Which brings me to what I think is at the heart of the problem.  Child sexual abuse is the clearest example we could possibly have of the powerful exploiting the powerless.  Whether it is parents exploiting their children, teachers exploiting their students, priests exploiting their parishioners, or parliamentarians exploiting their constituents or staff, it involves a person with authority harming those they should be suporting and protecting.  Such abuse is a breach of trust on a grand scale.  And sexual abuse is just one example of this type of misuse of power.

Why, then, are abusers so routinely protected by their institutions?  Why are the heads of these institutions so prone to blaming the victims and accusing them of lying or of somehow sharing responsibility for the abuse?  It is because the abusers are able to exert their power to protect themselves, while the victims are powerless and don't assert their need for protection.  They often don't even know they can.  By the time they are old enough to do so, the opportunity has passed and their veracity is questioned.  The impact of the abuse on their mental health is used against them and they are painted as unreliable witnesses.  They find themselves snookered at every turn.  Many say it is like being abused all over again.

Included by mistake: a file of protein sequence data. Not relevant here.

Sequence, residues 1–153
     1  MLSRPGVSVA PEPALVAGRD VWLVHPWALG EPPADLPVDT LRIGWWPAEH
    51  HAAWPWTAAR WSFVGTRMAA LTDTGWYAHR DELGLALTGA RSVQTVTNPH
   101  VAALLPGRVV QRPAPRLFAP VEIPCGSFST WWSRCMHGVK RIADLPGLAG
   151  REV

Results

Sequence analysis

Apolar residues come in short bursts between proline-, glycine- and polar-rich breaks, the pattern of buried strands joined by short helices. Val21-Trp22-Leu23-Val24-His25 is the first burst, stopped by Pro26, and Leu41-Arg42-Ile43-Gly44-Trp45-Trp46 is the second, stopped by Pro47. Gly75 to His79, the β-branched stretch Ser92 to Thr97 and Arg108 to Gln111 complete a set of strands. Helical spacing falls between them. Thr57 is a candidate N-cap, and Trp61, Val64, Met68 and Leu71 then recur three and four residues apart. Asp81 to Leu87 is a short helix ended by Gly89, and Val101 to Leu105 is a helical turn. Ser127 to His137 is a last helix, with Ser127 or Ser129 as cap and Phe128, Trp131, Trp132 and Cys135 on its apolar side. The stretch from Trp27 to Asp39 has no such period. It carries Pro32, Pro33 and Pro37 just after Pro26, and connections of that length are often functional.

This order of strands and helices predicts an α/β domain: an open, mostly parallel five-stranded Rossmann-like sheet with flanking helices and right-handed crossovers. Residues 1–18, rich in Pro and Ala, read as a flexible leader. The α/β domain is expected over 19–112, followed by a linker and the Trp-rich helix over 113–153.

Because the perpetrators are able to speak the language and use the processes of their institutions, they are able to convince even leaders who would have no truck with abuse themselves.  And these leaders want to be convinced, because the exposure of its powerful members - priests, teachers, parliamentarians - brings the institution itself into question.  The abusers are often their friends and almost always their colleagues.  It feels disloyal to accept accusations against them.  It is as if the leaders themselves are being accused.

For me as a Christian the repeated failure of the churches cuts the most deeply.  This is not only because it is "my" institution, although it is partly that.  It is because it should be different.  Jesus' willingness to be crucified is as strong an identification with the victims, and against those with power, as could be imagined.  If we take his name with any sort of seriousness we should be prepared to do the same - even if it brings about the death of our institution.  After all, what use is the church if it switches sides and no longer follows Jesus?